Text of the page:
Lit·er·a·ture. noun. 1. A slippery fish.
This will be the first in a series of posts over the next few days in which I tackle a beast of a question: what is literature? Before really confronting the subject, I wanted to relay some thoughts I’ve had as a Lit major just recently out of school, surrounded by peers studying the same.
I’ve spent years trying to define literature–not even broadly, just looking for my own personal, working definition. After all, what literature is and isn’t amounts to individual standards, tastes, and regard for expert opinion/the test of time, which will vary person to person. As is the case in regards to individual perception of beauty as described by Kant, another inherent (yet oxymoronic) conviction is that my personal decision about what is and isn’t literature should also be everyone else’s personal decision, but I’m going to try to pretend that I’m fine with dissenting opinions in an attempt to make it truly so. Faking it (non-judgmentalism) till I make it, if you will. So let me take this opportunity to say, with bright smile and gritted teeth, I encourage all disagreement!
It took me a long time to figure out that I didn’t actually know how to define literature. In my last semester at my community college, I took an American Lit class with a stand-out teacher who seemed to specialize in challenging ways of thinking. On the first day, he made each of us articulate our definition of “literature.” It was a disaster. There was never a doubt, even before I took my first college course, that I would major in Literature, so I was pretty perturbed when my turn came and I had nothing to say about the very subject in which I was aiming to become an expert. But as I went on with my studies, I quickly learned that I wasn’t alone in my inability to nail it down.
The more I heard from fellow English majors, specifically Lit track folk, the more I was (and am) convinced that some of the worst answers to the “what is literature” question come from those who major in it. These are people who feel so strongly about the subject that they decide to make it their main area of study. Of course they have convictions about its worth, and there’s a real pressure to justify the choice to invest oneself in literature beyond “Man, I sure dig reading.”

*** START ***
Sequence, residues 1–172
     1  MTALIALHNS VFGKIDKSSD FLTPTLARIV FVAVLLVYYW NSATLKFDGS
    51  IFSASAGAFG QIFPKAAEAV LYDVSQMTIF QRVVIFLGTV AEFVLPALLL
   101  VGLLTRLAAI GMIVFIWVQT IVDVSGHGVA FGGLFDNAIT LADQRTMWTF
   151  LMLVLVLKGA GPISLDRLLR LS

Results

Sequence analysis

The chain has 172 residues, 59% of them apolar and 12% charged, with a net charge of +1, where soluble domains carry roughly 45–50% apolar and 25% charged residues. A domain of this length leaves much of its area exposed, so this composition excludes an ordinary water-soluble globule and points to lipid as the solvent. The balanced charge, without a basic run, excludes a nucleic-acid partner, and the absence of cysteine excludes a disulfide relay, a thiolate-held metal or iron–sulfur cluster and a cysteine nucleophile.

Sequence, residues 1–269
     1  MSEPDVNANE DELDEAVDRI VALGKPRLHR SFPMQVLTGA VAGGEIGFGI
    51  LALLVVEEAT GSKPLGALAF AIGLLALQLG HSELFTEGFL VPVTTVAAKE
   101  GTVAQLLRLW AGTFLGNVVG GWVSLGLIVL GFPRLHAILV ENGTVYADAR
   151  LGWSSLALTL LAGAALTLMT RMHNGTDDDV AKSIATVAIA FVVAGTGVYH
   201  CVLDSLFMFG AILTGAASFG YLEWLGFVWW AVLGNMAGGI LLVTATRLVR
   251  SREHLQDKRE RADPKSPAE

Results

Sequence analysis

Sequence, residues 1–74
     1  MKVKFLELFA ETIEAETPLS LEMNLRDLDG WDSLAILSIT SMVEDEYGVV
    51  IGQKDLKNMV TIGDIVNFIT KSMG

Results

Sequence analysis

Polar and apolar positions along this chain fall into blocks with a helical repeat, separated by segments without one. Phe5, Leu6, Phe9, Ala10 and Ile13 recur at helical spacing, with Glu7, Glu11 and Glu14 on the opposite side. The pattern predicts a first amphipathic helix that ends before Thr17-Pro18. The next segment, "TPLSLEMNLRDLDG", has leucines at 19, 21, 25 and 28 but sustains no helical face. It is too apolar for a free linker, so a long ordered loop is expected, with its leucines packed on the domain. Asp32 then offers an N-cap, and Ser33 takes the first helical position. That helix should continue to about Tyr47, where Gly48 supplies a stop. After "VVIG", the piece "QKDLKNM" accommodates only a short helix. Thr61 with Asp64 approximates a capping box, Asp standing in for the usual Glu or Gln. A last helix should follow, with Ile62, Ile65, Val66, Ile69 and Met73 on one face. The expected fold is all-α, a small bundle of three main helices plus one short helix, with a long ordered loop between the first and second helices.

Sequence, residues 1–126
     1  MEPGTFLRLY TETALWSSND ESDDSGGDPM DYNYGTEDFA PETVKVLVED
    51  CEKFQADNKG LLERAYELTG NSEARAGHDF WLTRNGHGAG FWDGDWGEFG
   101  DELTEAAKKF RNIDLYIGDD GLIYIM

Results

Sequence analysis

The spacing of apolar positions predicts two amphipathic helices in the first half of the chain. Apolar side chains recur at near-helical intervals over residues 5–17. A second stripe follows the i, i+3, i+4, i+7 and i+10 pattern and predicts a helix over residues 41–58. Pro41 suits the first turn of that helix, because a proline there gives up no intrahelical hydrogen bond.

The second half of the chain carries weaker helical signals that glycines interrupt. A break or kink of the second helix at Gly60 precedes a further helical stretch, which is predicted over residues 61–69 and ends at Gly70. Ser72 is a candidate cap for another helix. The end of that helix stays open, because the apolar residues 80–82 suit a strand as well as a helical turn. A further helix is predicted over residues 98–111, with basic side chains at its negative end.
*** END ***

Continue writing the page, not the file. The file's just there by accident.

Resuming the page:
Most majors have pretty pragmatic uses. Oh, you’re studying medicine? If we didn’t have people like you, I would have died of pneumonia about seven years ago, so that’s pretty useful. Studying geology? Cool–please let us know when to evacuate the entire American West because Yellowstone is about to flip its lid. History major? A tiny bit harder to make the case for, but it teaches us patterns, helps us understand international relations, is of tremendous use in politics, etc. What’s the common thread here? Use to society.
When most Lit majors try define literature, they simultaneously make an argument for its value. It’s as if the question “what is literature?” implies a begged question, “why is literature worthwhile?” (Or perhaps, in some people’s cases, “I’m paying for you to major in WHAT? Absolutely not–you’ll become a registered nurse like we discussed”). Maybe it’s because literature, like art, seems so much more like a luxury rather than a necessity when compared to other areas of study. Therefore, when we talk about what literature is, Lit majors often immediately go on the defensive and try to make a cause for the betterment of society. Elevated minds and culture and all that. I’m not at all belittling the societal benefits of literature, but I am saying that Lit majors often don’t have clear enough heads to think about the subject critically because they’re too busy jumping to the part where they defend it.